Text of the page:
The credit crunch and the real economy

When I was made redundant I told my friends that I was “a victim of the credit crunch”.

In a way that was to make me feel that I was a part of the great unfolding economic drama rather than just someone without a job, but I think it was also true. I worked for a company that relied on massive borrowing from the banks, and which was scared that it might no longer be able to raise the credit it needed. At its simplest, credit is just a way of doing today those things that we’d otherwise have to wait until tomorrow to do. Or in the case of the company I worked for, what we’d have to wait 20 years to do. Unfortunately, credit has come a long way from its simplest. The opaque packaging of debt to be sold on in ever more, literally, fantastic ways is generally reckoned to be at the heart of the crisis.

Ironically, the solution seems to have turned out to be the suspension of one kind of disbelief, and its replacement with another. Suddenly the old disbelief that these packages of debt might actually be worth something to the suckers who’d paid for them could be suspended no longer. Instead, we are now expected to suspend our disbelief in “quantitative easing”, and pretend we haven’t noticed that it’s simply making money up. The banks’ bad debts were made-up money that was exposed as just that. The new made-up money is different in this respect, however: the con-men who made up the old stuff have largely got away with it, whilst the new stuff has got to be paid for eventually by all the rest of us through higher taxes and drastically curtailed public services. Meanwhile the real economy of making things continues as before, with the slight hiccup of depressed demand and massive unemployment.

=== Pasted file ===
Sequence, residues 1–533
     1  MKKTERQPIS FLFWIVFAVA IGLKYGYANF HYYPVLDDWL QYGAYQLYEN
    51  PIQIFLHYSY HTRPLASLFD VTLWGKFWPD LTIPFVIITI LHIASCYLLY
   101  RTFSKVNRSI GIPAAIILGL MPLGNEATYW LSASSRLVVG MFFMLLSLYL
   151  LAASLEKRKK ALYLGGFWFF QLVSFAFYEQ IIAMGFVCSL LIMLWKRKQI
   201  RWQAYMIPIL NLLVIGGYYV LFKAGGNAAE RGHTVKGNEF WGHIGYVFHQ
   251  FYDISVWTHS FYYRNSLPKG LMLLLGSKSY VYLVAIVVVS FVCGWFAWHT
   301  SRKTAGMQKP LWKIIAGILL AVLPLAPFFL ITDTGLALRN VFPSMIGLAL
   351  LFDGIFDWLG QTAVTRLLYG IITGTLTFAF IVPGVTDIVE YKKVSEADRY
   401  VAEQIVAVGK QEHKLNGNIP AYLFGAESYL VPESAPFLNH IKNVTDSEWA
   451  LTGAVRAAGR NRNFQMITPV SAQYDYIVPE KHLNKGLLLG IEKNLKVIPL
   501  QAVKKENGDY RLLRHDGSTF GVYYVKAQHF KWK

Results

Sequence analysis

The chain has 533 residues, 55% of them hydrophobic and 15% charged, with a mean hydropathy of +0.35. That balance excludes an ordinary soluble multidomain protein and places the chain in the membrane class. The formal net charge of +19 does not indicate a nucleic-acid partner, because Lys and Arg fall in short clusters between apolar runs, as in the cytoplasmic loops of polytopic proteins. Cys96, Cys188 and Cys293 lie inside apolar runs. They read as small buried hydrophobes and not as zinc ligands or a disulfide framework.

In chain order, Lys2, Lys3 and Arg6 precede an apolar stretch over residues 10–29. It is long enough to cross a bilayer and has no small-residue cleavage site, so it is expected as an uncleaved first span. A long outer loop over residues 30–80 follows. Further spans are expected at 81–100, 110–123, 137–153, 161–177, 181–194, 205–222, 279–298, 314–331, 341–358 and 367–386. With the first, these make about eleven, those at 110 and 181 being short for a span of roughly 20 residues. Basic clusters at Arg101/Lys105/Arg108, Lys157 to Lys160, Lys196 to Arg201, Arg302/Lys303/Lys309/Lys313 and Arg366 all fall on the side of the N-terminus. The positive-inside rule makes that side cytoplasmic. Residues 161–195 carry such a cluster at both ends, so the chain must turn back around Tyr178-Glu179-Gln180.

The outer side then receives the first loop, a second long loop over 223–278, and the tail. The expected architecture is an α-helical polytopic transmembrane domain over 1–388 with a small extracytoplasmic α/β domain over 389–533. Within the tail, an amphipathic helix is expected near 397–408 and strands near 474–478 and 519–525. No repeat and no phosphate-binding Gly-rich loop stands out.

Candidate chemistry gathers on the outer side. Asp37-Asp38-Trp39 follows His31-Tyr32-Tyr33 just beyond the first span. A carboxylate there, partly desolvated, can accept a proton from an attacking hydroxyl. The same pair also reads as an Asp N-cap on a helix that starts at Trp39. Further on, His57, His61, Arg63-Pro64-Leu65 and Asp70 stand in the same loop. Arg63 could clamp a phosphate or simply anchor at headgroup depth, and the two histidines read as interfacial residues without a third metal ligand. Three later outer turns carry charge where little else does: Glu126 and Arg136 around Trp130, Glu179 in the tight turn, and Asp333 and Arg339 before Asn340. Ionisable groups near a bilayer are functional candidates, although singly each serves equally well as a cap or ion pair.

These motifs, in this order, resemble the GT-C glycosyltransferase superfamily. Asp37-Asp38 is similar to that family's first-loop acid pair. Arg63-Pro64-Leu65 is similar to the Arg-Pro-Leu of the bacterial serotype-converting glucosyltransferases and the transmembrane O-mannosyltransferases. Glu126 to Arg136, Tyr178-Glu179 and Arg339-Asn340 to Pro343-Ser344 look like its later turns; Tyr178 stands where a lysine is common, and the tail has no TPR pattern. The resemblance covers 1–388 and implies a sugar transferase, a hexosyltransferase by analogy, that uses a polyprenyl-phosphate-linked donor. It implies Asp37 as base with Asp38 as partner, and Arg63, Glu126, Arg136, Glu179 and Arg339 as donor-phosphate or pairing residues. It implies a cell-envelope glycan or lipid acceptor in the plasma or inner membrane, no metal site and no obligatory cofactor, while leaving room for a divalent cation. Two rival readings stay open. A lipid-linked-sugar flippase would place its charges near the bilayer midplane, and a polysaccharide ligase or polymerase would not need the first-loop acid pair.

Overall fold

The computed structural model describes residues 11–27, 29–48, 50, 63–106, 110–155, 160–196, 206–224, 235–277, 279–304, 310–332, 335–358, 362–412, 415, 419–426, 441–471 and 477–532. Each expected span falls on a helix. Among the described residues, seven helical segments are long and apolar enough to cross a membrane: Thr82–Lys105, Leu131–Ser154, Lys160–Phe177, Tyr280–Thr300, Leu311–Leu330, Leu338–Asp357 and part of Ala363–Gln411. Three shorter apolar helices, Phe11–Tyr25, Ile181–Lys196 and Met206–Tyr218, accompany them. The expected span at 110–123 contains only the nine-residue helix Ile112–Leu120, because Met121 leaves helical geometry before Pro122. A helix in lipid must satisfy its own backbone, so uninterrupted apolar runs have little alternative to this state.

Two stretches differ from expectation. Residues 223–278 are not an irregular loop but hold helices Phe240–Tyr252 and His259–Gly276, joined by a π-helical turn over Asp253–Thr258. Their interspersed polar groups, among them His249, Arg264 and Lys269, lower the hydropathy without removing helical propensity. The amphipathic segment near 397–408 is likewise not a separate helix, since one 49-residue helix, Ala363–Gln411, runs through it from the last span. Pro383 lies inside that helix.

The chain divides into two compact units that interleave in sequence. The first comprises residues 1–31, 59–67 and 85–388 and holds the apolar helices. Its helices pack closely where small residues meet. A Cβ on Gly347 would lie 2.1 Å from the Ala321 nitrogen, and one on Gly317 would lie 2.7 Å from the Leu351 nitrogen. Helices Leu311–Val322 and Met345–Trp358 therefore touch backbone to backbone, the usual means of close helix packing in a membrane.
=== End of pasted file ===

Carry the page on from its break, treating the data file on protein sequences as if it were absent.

Reflecting on the anniversary of Lehman’s collapse a couple of weeks ago, the Archbishop of Canterbury said on Newsnight that if we’ve learnt nothing else in the last year we’ve learnt that economics is far too important to be left to economists. Whilst it’s probably not a good idea to leave it to theologians instead, Dr Williams’ criticism that we’ve been “projecting reality and substance onto things that don’t have them” seems a pretty fair one to me.

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